What does the closure of Yahoo Esports mean for the future of the industry?

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Guest article

Yahoo Esports closed its doors on June 16th, meaning the esports industry has lost one of its biggest outlets for coverage and media.
While the esports brand was huge with followers of esports, when Verizon purchased Yahoo in its efforts to build a new brand from Yahoo and AOL, their plans for developing the Yahoo Sports brand did not include continuing with the esports sector – at least not in the form we are used to.

Yahoo Esports will be missed

Yahoo Esports had been around for less than 18 months when it closed, having been created in February 2016 in response to the growth in interest in professional gaming. Its coverage of established esports titles like Dota 2 and League of Legends was among the best in the industry, with its multimedia approach and round the clock updates, and it was also one of the only sites to introduce coverage of other games like Super Smash Bros.
Along with ESPN, Yahoo had one of the biggest brands in the industry and was important to many pro gamers in launching their careers and establishing their fanbases. It is already leaving behind a gap for both players and fans.


Will a new brand replace Yahoo Esports?

Of course, no gap in the market is left unplugged for long in modern media, and while there may be no current plans for the new Oath brand, which will be the result of merging Yahoo and AOL, to build up its own esports hub, it is certainly too early to rule it out.
Others may try and emerge in the sector too, though it remains to be seen whether they will be existing sports coverage brands, or gaming brands.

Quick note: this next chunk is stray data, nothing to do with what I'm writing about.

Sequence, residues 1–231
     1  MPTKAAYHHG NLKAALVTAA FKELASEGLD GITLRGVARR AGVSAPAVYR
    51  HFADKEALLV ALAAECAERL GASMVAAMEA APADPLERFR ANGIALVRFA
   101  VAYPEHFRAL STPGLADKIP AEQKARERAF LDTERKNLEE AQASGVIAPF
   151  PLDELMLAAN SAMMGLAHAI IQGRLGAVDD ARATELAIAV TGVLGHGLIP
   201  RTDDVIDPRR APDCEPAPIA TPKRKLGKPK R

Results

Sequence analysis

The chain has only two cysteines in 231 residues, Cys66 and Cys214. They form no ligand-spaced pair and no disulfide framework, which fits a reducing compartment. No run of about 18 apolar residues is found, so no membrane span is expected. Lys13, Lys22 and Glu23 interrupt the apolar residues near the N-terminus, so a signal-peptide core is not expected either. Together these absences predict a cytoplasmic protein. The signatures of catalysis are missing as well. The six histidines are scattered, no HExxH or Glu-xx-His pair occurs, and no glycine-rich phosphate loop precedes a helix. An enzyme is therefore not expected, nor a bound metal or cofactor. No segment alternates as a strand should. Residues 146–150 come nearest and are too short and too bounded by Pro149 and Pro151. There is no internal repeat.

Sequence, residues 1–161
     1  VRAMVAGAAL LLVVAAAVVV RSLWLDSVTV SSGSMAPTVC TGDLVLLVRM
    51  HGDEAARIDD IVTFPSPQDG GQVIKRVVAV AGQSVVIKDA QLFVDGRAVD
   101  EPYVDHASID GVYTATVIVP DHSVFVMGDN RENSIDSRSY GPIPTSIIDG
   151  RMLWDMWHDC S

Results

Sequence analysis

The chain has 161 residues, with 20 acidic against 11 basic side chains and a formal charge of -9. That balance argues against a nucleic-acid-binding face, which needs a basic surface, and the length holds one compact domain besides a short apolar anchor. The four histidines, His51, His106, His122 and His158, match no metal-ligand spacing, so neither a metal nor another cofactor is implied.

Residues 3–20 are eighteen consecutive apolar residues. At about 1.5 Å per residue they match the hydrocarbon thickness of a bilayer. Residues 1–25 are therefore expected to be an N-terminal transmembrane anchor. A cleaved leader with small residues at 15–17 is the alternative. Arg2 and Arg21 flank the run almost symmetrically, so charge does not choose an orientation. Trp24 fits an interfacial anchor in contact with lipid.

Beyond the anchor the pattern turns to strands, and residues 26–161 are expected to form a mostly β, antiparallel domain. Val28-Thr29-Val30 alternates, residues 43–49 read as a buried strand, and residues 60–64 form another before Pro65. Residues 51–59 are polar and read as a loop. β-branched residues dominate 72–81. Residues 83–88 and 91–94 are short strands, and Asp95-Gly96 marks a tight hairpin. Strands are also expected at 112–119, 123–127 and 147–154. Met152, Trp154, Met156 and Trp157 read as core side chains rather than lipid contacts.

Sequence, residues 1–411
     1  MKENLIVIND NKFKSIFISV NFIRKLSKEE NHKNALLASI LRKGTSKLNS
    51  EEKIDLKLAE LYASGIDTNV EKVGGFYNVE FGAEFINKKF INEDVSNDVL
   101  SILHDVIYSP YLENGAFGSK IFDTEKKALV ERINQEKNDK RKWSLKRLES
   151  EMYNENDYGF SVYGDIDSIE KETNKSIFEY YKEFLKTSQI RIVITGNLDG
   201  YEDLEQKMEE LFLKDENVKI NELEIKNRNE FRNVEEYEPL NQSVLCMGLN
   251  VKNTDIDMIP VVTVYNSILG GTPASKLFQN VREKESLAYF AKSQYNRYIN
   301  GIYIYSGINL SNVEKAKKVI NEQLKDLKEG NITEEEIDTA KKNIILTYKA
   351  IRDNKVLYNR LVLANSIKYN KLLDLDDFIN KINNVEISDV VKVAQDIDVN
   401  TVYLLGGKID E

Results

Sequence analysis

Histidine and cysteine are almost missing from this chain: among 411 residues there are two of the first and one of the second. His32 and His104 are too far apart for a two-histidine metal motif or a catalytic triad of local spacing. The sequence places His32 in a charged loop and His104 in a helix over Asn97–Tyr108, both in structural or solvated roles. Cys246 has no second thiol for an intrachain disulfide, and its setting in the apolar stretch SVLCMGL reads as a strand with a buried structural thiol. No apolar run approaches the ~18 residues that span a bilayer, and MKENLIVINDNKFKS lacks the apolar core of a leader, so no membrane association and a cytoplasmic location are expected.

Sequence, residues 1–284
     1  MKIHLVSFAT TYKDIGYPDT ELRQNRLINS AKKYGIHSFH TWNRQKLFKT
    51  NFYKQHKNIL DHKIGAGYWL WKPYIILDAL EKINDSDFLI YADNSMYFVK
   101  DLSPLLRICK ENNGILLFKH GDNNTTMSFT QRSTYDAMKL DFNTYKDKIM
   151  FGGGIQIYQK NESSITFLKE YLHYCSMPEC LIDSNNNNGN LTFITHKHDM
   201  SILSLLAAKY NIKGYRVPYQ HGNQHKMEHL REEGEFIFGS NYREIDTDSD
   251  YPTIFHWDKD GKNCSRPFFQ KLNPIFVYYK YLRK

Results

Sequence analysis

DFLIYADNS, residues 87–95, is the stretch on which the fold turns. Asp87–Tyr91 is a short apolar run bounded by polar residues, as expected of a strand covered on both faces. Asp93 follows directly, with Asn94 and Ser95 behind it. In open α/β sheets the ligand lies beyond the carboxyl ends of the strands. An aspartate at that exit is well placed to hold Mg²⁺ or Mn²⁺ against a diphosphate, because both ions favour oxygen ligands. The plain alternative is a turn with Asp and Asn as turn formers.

What does the death of Yahoo Esports mean for players?

Professional gamers will still, of course, carry on as normal, however they may have to diversify who they push for coverage as one of the biggest media centres for esports has gone.
Professional gamers can diversify, however, and it is possible for them to move into other sectors where their skills can pay off, such as professional poker or even stocks or forex trading. Pro gamers are also used to having to do a lot of their own publicity and create their own media brands and channels, and so it will be interesting to see how players or content creators will shape what follows Yahoo Esports.

Is this a bad move by Verizon?

Obviously, as far as players and fans are concerned in general, losing Yahoo’s commentary and coverage is a bad thing, but whether it is a bad decision in business terms will remain to be seen.
It is possible that the strategies for the new Yahoo Sports brand under Oath did not produce a good fit for less traditional sports, and they simply didn’t know quite where to position an esports division.
Only time will tell how much of an effect this closure will have on professional gaming as an industry, and what kinds of coverage we will see emerging in the future.
The team behind Yahoo Esports seem to be among the staff displaced as a result of the Verizon takeover, so it could even be they do something new on their own, or move together into a different media brand to recreate a similar esports site.

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